When Kraybill’s clients get stuck in a negative, depressive fog, she asks them to think of a happy memory and describe it using specific sensory details. "Using visualization and imagination right now is really important because it can really help us connect with the feelings we have inside and experiences that are also positive," explains Kraybill. "The more we do this, it almost becomes like an instinct; you say 1-2-3, and you’re able to connect to it. " We can return to these positive visualizations during difficult moments.
Stand with your feet shoulder length apart, bend your knees, breathe deeply, and shake your body gently from head to toes. "You imagine that all the tension is going down your legs and into your feet, and you’re ridding your body of all the tension," explains Engel. "And then you can do the opposite and let the energy move up your spine.
To keep yourself calm, remind yourself that hypochondria is just another form of anxiety. "[Hypochondria] is panic, it’s catastrophizing; all those [symptoms] are the same thing, they’re all about fear and anxiety," explains Engel.
But be honest with yourself about whether talking to that person actually makes you feel better. "There are two kinds of people with anxiety: For some people, talking about their anxiety and what’s bothering them helps them, but for others, it makes it worse," explains Engel.
Learn grounding, anchoring, and other self-soothing techniques to calm yourself during moments of panic. "A lot of our fears are about going into our heads and obsessing and ruminating and catastrophizing," explains Engel.
Engel suggests setting aside a window of time a few days a week to "confront the realities of your situation and take some action. " This small step can make you feel more in control of your life right now — which is crucial at a time when the future seems so precarious.
It’s understandable I’m not working at my peak performance. " Another one is "I’m doing the best that I can. " You could also use words of gratitude, such as "I’m grateful for my breath" or "I’m grateful for my friends. " Breathe deeply as you repeat your mantra to yourself.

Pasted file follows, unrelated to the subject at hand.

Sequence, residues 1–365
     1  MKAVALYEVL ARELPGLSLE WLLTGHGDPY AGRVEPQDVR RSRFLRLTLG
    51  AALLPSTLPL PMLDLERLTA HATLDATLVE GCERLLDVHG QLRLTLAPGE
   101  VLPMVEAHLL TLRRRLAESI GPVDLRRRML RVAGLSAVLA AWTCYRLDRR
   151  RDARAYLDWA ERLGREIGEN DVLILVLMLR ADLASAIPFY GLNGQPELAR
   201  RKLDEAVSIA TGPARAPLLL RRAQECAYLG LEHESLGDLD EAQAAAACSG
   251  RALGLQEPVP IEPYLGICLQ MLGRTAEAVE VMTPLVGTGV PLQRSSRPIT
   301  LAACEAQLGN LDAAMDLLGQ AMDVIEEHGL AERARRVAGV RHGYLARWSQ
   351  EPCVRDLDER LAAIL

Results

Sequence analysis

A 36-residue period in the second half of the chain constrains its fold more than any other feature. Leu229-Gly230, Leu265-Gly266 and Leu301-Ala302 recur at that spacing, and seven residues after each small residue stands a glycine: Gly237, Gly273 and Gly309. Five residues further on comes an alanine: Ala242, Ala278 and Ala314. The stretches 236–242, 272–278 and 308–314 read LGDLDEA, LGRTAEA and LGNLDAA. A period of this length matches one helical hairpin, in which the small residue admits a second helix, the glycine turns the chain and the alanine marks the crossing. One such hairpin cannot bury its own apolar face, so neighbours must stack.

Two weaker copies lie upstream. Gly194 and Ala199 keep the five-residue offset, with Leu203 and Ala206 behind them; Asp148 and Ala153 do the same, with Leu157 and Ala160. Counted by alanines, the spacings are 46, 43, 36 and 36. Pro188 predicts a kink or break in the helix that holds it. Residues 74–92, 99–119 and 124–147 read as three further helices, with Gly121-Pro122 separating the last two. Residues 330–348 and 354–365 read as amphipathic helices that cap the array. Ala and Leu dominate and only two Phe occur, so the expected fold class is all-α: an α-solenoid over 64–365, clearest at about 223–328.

To relax during a typical difficult week, you might go to a yoga class or set up a coffee date with a friend, but those options aren’t currently available. "The methods we usually use for self-care and coping are disrupted because of the consequences of COVID-19," explains Ali.
Engel suggests telling yourself, "It’s understandable," i. e. , "it’s understandable that I’m stressed out.
When that happens, the best way to counter a tendency to spiral or even dissociate is to "get out of our heads and get back into our bodies. " Grounding techniques pull your attention back to the present moment, "and that makes you feel more secure," she says.
But "when you wake up in the morning, have some goals for the day," suggests Engel. "The routine could include exercise; it could include checking in on your friends, sanitizing your house.
During moments of paralysis, Kraybill recommends what she calls a "reset exercise": Jump up and down 10 times, and follow that with seated deep-breathing exercises to recover. "It resets the nervous system," she says.
What we really need is to take action, and move more," explains Odelya Gertel Kraybill, LCPC and trauma therapist.
You can still stay connected to your loved ones. https://t.co/ZXyip1Y4cA— Allure (@Allure_magazine) March 23, 2020